15. Can't tell for pix, but it looks like a legit Gibson that someone chose to upgrade/ruin. Unless Paul Gilbert has switched to a belt sander from an electric drill, and to a LP from his Fireman, this is almost surely the result of the Wprst Relic Job Ever Done. Ripe for a refin.
  16. Hard to estimate the UK price based on my experience here in the US where the availability is vastly better, but on the surface of it I'd say that the cost seems reasonable. The headstock break devaluation depends somewhat on the quality of the repair, as a lousy job is even more of a detraction than the loss of value in a well-repaired break. This one sounds like it was repaired well, in which case 1400 seems justifiable.
  17. If the situation in the OP is real, regardless of who write the post, the issue really is with the retailer, not Gibson. Get your money back and find another supplier who has the guitar you want. Delivering the wrong product is inexcusable. As for the heartbreak, well, most of us were way older than 12 when we got our first Gibson, and most of us earned the money we paid for it, and for many of us it was a dream deferred again and again. It's not the end of the world when it's hard to locate and purchase the guitar you really want. They don't grow on trees. I'd be bummed, too, but this is the real world and it's a good time to learn lessons about how to transact business and deal with disappointment on the way to what is a freaking big, big reward -- for a kid! I remember very well what it's like to be 12. You have to stop moaning at some point and swing into action -- that is, if you really want an awesome guitar.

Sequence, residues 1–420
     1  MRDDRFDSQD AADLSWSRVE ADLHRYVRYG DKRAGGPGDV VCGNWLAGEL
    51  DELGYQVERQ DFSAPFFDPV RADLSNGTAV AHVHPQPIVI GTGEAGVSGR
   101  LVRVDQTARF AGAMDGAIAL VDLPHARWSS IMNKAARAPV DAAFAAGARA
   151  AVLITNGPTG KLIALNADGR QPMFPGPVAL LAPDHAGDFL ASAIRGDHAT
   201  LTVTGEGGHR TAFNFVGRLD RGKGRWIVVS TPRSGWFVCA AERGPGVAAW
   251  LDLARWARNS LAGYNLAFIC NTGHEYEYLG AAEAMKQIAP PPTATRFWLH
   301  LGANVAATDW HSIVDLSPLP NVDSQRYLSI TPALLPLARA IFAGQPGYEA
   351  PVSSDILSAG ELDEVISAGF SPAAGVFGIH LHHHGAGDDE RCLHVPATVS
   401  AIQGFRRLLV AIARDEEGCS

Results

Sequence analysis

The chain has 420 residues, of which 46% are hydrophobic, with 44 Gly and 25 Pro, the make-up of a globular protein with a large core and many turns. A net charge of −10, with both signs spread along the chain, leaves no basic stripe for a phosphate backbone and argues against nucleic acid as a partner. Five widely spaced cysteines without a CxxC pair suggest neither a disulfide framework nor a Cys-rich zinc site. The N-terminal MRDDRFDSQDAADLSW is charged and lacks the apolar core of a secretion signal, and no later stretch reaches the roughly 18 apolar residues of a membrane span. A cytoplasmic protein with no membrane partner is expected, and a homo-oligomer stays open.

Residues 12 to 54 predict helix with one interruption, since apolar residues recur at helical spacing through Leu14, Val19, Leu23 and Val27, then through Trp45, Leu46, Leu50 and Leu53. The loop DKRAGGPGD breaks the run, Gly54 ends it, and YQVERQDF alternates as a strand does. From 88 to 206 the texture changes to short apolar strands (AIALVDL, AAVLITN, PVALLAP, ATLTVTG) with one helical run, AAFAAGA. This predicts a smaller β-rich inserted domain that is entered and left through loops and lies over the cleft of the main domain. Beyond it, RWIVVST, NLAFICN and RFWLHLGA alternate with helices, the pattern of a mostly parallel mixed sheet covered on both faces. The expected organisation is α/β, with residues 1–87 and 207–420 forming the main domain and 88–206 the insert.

18. Oh, for under $1K I would check it out for sure. Visible repairs may be hack jobs, but also may be solid repairs needing finish touch up. I would happily pay $1K for a solid Classic that looks as good as that one, and has a good neck repair. If it's a crappy repair job, I wouldn't buy it at all. I think it depends on what you are willing to accept and what work you can do. I can readily undertake a finish repair, etc., so a guitar like this could be a great deal for someone like me. Someone who doesn't want to do their own repair work would want to avoid it.